Aging Life Care Professionals are the ‘eyes and ears’ for vulnerable seniors. Elder abuse takes on many forms: physical, sexual, emotional, financial, abandonment, and even neglect and self-neglect. Aging Life Care Professionals are trained to ask the right questions and recognize the subtle signs.
TUCSON, Ariz. (PRWEB) June 12, 2020
On the heels of the global awareness and actions around the long-standing, systemic injustices faced by Black, Indigenous, and People of Color, the Aging Life Care Association® (ACLA), along with other organizations, is intent to raise awareness of the cultural, social, economic, and demographic processes affecting elder abuse and neglect for all older adults.
On June 15th the association will hold an online Member Forum offering suggestions for how each member can reach out to increase awareness in addition to a follow-up Member Forum on Elder Law where Aging Life Care Professionals® and attorneys will discuss elder abuse and how to empower members to seek help if they notice a problem.
Since the first WEAAD in 2006, the International Network for the Prevention of Elder Abuse and the World Health Organization at the United Nations have worked to unite communities around the world in raising awareness about elder abuse.
ALCA members have focused on caring for those vulnerable members of society since its founding in 1985. “The Aging Life Care™ Profession emerged because a group of health and social service professionals were committed to providing the highest level of care coordination services for older adults and their families,” says ALCA Board President Liz Barlowe, MA, CMC. “And now as the pandemic continues, when families may not be able to physically monitor or care for their loved one, Aging Life Care Professionals are the ‘eyes and ears’ and the ‘boots on the ground’ for vulnerable seniors.”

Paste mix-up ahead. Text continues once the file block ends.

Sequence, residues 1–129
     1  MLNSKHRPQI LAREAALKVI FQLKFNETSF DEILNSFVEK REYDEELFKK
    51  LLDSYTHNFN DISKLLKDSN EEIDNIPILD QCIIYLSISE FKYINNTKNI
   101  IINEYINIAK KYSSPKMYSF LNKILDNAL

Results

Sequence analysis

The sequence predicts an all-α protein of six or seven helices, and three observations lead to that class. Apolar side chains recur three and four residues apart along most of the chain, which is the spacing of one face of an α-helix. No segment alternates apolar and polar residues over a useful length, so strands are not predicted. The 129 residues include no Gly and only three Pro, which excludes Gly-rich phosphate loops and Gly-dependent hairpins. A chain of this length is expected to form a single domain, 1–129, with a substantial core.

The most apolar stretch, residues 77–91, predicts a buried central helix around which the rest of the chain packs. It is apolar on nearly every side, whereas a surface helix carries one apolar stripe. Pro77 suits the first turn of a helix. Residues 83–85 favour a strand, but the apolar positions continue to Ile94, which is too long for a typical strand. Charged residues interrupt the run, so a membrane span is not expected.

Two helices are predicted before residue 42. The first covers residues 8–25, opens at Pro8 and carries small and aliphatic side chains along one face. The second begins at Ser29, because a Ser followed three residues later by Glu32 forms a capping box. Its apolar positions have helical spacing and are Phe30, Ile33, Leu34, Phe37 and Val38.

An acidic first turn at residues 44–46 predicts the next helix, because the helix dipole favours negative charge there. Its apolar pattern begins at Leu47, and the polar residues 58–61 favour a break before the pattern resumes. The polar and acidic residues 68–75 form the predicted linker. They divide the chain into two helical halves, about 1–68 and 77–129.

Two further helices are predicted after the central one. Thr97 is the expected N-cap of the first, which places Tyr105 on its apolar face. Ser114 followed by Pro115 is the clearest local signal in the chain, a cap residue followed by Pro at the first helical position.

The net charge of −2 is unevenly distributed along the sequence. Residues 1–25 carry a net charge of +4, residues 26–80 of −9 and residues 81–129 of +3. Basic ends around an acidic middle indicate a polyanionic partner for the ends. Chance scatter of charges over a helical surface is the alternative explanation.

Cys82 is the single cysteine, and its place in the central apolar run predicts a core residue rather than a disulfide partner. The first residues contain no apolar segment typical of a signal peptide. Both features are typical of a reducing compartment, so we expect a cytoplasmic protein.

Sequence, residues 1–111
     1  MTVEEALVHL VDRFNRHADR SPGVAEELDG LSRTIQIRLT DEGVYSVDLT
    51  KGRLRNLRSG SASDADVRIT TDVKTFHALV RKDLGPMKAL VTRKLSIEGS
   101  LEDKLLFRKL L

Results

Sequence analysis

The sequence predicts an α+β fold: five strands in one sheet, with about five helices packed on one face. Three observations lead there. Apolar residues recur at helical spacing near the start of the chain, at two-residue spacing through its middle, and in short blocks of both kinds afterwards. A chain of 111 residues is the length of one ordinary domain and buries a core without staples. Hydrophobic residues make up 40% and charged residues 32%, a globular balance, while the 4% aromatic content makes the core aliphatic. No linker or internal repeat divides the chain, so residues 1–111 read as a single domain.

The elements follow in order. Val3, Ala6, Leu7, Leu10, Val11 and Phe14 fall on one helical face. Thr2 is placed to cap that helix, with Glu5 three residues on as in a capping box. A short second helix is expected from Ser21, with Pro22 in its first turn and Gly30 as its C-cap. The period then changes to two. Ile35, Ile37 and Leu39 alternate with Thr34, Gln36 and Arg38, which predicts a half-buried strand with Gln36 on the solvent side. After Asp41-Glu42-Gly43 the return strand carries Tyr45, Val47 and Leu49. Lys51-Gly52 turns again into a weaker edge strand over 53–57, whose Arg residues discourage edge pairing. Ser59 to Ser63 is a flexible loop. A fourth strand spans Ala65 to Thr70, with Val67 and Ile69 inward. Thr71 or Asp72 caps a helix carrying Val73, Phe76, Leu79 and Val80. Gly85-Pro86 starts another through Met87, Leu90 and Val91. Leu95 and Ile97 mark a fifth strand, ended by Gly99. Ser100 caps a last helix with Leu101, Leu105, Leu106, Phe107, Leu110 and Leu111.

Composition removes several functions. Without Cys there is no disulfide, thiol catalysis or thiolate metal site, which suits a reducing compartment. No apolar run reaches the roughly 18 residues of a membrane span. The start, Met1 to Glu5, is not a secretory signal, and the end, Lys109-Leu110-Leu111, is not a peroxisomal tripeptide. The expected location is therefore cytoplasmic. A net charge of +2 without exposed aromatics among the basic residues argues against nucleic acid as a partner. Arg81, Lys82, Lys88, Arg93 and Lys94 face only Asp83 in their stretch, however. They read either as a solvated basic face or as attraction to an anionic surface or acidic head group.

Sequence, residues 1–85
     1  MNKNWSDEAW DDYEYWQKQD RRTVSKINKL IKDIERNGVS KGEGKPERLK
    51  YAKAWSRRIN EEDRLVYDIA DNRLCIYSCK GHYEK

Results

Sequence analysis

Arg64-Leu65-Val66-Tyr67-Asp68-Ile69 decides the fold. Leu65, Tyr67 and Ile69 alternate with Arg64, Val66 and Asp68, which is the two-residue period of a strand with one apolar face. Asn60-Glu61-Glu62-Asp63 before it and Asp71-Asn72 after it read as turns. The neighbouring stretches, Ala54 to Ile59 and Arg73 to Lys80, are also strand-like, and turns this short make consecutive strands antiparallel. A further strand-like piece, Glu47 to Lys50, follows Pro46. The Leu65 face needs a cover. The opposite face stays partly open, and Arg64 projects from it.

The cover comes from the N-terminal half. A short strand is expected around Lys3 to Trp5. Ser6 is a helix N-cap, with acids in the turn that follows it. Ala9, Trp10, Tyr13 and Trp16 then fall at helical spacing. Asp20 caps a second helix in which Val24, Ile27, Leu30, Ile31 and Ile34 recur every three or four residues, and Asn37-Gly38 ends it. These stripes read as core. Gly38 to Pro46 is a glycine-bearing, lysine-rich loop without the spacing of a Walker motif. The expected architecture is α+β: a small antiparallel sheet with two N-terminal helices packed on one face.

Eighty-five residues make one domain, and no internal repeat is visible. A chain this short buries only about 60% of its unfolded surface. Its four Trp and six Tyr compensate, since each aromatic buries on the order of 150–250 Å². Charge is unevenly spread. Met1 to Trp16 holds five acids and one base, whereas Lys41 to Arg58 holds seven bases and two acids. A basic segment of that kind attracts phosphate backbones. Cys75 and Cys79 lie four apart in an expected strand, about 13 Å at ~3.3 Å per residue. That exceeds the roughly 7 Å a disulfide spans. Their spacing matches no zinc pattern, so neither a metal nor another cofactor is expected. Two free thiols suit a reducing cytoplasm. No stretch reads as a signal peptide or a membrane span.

“Aging Life Care Managers pay special attention to clients who are alone, whether at home or in a facility, and they are able to act quickly by coordinating care whether it be emotional or physical for their client,” adds ALCA CEO Taney Hamill
Every year an estimated 1 in 10 older Americans are victims of elder abuse, neglect, or exploitation. Unfortunately, elder abuse is significantly under-reported; in part, Barlowe says because many do not know how to recognize the signs unless there is visible, bodily damage. “Elder abuse takes on many forms: physical, sexual, emotional, financial, abandonment, and even neglect and self-neglect. Aging Life Care Professionals are trained to ask the right questions and recognize the subtle signs.”
Aging Life Care Professionals understand the laws concerning elder abuse in the state where they practice and can help navigate complicated bureaucracies, act as an advocate for the older person and help develop a safe plan of care. They work hand in hand with adult protective service caseworkers, police departments and Elder Law attorneys to ensure the safety of the older person and to coordinate appropriate services.
For more information and to find an Aging Life Care Professional near you, visit ALCA’s website aginglifecare.org.